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Fast food has long been imagined to be the main culprit for childhood obesity.
A new study from the Rand Corporation is calling into question something many of us accepted as true: When children live in neighborhoods with too much fast food and too few grocery stores, obesity rates rise. Increase access to healthy foods, and obesity rates will decrease.
However, the conventional wisdom may be wrong. Roland Sturm of Rand examined data from over 13,000 California children between the ages of 5 and 17 years old. What he found was that children who live in neighborhoods that are dense with fast food and small food stores are not necessarily heavier than children that live closer to large supermarkets.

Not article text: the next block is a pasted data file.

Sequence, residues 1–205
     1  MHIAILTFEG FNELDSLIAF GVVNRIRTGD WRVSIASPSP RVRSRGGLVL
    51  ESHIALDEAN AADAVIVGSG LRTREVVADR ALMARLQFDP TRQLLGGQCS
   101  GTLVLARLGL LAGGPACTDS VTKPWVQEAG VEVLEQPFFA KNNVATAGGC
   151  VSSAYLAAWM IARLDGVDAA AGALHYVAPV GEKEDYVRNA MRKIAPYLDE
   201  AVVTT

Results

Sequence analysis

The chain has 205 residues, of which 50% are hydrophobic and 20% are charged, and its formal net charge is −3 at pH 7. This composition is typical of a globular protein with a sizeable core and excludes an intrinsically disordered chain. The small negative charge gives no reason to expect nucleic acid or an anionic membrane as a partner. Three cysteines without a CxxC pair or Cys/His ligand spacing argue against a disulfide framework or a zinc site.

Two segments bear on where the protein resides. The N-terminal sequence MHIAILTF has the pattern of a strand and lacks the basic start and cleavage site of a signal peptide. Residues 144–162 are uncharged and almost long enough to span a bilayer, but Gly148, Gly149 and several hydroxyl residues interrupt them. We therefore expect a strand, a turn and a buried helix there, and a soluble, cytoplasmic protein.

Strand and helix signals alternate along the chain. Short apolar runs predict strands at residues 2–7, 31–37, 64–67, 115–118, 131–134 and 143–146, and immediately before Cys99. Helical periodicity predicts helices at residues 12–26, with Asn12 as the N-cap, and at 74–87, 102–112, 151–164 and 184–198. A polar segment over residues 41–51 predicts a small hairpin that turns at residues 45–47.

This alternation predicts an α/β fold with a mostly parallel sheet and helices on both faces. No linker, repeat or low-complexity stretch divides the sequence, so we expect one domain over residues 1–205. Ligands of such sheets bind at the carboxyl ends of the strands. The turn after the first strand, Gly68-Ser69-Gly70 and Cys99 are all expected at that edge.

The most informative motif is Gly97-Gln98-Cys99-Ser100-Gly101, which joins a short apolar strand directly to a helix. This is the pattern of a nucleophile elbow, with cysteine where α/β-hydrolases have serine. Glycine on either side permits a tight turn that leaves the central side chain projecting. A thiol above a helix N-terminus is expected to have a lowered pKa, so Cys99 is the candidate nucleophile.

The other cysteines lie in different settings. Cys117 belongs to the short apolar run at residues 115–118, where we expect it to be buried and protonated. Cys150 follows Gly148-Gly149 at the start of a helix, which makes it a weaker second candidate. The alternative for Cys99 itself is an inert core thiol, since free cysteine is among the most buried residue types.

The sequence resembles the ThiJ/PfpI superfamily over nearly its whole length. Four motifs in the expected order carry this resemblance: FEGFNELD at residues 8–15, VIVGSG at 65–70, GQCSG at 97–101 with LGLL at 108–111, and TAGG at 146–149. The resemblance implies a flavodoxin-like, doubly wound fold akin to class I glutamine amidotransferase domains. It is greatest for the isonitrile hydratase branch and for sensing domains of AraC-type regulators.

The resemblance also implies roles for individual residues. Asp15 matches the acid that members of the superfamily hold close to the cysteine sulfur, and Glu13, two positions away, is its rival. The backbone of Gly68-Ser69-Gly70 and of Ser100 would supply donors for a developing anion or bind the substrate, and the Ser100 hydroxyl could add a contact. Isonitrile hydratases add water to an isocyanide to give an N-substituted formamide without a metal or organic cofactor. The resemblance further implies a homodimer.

This is similar in some ways to other recent findings, including a study from the University of North Carolina that found that just living near grocery stores and the healthy fare they provide doesn’t result in lower levels of obesity. But in that study proximity to fast food was found to be a corollary to obesity.
The relationship between obesity and lack of access to good food seemed obvious, not just to researchers but to policy makers as well. Here in southern California it was used to pass legislation limiting the number of fast food restaurants that could be built in poorer areas and incentivize grocery chains to build there instead. But, according to Sturm of the Rand Corporation there is no relationship between the food environment a child lives or goes to school in and the food they eat.
Is this the last word on the subject? Is what we thought knew about obesity rates and food access really wrong? If it is, what impact will that have on policy makers? And, if access to grocery stores isn’t the answer to our obesity problem…what is?
Roland Sturm, Senior Economist, The RAND Corporation and a professor at the Pardee RAND Graduate School
Dr. Jonathan Fielding, Director of Los Angeles County Department of Public Health and County Health Officer